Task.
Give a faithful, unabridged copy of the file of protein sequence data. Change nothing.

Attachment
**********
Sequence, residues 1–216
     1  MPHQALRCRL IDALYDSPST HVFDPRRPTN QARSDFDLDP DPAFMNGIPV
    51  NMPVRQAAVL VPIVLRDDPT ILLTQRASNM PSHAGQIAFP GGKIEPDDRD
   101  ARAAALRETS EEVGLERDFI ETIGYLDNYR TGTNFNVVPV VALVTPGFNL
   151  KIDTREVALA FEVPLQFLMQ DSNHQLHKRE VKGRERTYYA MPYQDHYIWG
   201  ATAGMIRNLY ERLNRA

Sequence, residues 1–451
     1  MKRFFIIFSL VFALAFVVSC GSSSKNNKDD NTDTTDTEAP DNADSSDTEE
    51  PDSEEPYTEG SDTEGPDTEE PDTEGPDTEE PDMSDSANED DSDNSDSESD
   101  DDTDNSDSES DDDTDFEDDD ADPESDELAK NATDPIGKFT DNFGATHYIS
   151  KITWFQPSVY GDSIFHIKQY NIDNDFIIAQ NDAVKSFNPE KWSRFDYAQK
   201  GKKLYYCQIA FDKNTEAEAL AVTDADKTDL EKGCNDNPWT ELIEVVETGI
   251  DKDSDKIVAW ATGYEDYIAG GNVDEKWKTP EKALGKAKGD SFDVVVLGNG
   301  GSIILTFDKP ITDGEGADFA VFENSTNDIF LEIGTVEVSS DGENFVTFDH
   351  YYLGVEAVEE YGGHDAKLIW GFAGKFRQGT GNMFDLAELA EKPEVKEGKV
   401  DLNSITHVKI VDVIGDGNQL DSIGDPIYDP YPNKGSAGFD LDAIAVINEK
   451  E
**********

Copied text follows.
Sequence, residues 1–216
     1  MPHQALRCRL IDALYDSPST HVFDPRRPTN QARSDFDLDP DPAFMNGIPV
    51  NMPVRQAAVL VPIVLRDDPT ILLTQRASNM PSHAGQIAFP GGKIEPDDRD
   101  ARAAALRETS EEVGLERDFI ETIGYLDNYR TGTNFNVVPV VALVTPGFNL
   151  KIDTREVALA FEVPLQFLMQ DSNHQLHKRE VKGRERTYYA MPYQDHYIWG
   201  ATAGMIRNLY ERLNRA

Sequence, residues 1–451
     1  MKRFFIIFSL VFALAFVVSC GSSSKNNKDD NTDTTDTEAP DNADSSDTEE
    51  PDSEEPYTEG SDTEGPDTEE PDTEGPDTEE PDMSDSANED DSDNSDSESD
   101  DDTDNSDSES DDDTDFEDDD ADPESDELAK NATDPIGKFT DNFGATHYIS
   151  KITWFQPSVY GDSIFHIKQY NIDNDFIIAQ NDAVKSFNPE KWSRFDYAQK
   201  GKKLYYCQIA FDKNTEAEAL AVTDADKTDL EKGCNDNPWT ELIEVVETGI
   251  DKDSDKIVAW ATGYEDYIAG GNVDEKWKTP EKALGKAKGD SFDVVVLGNG
   301  GSIILTFDKP ITDGEGADFA VFENSTNDIF LEIGTVEVSS DGENFVTFDH
   351  YYLGVEAVEE YGGHDAKLIW GFAGKFRQGT GNMFDLAELA EKPEVKEGKV
   401  DLNSITHVKI VDVIGDGNQL DSIGDPIYDP YPNKGSAGFD LDAIAVINEK
   451  E